Drilling for oil and gas is critical for our nation’s energy supply, Increasingly, wells are being drilled in harsher subsurface environments, with higher pressures and temperatures as well as corrosive near-bore fluids. DOwnhole conditions of up to 450 degrees F and pressures as high as 30,000 psi are not out of bounds anymore. Drilling in such adverse conditions takes a toll on the drill string. The increase of operations in extreme environments has required service companies and operators to change their methods of operation. Importantly, drill string design services are incorporating forensic studies to improve overall drilling results, keep costs down, and protect against liability.
What is Forensic Metallurgy
Forensic Metallurgy is a branch of the applied analytical sciences that investigates the causes of failure in manufactured metal tools and equipment. In-depth knowledge of engineering principles, metal characteristics, and manufacturing protocols are all important in forensic metallurgy. Rigorous standards are generally required in metal design and manufacturing. Forensic metallurgy is often used when failures or accidents in metal products occur and the cause of failure is sought. Needless to say, it is commonly used in the drilling industry, especially when root-cause analyses are needed.
In the drilling industry, the following analyses are commonly performed using forensic metallurgy techniques:
- Pipeline Failures
- Tubular Failures (Drill Pipe, Drill Collars, Subs, Tubing, Casings)
- Power Generation Equipment and Piping Failure Analysis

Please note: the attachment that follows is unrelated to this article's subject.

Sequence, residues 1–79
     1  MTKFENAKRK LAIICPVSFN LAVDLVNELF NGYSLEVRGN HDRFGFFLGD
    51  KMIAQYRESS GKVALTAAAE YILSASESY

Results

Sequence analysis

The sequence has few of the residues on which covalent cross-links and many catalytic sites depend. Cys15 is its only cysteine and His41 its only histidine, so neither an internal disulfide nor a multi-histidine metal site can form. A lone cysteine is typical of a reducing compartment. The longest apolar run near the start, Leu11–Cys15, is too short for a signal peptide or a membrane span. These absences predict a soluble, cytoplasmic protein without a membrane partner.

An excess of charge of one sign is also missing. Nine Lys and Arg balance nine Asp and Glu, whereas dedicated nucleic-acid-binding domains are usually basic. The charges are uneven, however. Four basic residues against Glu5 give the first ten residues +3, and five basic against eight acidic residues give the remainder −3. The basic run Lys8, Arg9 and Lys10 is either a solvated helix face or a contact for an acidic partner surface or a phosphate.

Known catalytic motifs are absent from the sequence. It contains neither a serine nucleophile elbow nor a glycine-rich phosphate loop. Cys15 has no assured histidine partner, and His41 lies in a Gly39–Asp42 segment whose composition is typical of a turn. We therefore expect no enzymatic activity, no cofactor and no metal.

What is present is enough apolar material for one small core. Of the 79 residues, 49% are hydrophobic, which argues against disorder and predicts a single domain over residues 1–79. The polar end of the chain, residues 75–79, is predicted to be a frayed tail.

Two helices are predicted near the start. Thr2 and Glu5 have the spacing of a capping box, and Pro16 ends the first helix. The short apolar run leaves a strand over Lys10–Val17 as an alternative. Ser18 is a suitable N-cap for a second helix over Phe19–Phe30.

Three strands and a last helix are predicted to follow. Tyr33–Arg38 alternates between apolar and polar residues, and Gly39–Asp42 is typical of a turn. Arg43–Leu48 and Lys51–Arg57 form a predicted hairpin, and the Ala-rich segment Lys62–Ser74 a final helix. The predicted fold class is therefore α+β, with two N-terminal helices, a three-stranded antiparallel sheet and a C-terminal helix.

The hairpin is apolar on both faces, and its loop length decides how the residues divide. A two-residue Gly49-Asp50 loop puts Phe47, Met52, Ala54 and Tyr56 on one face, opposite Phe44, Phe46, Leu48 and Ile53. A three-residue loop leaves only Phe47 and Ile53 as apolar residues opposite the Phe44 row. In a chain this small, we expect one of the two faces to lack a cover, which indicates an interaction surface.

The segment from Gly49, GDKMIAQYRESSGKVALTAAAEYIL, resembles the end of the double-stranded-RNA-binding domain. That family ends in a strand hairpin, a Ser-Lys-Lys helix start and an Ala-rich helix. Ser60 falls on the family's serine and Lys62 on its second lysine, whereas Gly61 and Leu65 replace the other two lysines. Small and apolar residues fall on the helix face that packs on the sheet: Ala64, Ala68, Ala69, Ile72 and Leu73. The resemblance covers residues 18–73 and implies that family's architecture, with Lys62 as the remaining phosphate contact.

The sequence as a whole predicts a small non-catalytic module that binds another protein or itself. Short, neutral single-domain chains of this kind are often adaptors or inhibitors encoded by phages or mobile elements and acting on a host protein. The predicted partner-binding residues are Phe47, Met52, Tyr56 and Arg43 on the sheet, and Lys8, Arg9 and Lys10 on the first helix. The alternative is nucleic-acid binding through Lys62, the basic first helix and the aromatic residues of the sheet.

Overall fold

- Mooring System Failures
- Anchor Chail Breaks
Most drilling contractors that utilize forensic techniques have state-of-the-art facilities that are specifically set up to address the types of problems that may be encountered when drilling. These labs typically have various specialty microscopes, hardness testing equipment, and scanning electron microscope equipment.
Types of Metals Used in the Drilling Industry
Drilling equipment is manufactured from a variety of metals. These include:
- Steel, by far the most important metal used
- Nickel, often added to steel for corrosion control
- Copper, a major component of valves, stems, and seals
- Titanium, commonly utilized in the manufacture of downhole tubing
- Chromium, used to increase the strength of steel
- Molybdenum, also used to increase the strength of steel
Specialized steel alloys, using on or more of the above-mentioned alloys, are especially critical for corrosion control in the subsurface.
Choose Your Contractor Carefully
As you can imagine, a whole host of problems can crop up when drilling into harsh subsurface environments. Be sure that you work with contractors who have been in business for several years and know the ins and outs of the oil patch well. Demand that they are licenses and certified as required and operate in an environmentally friendly way.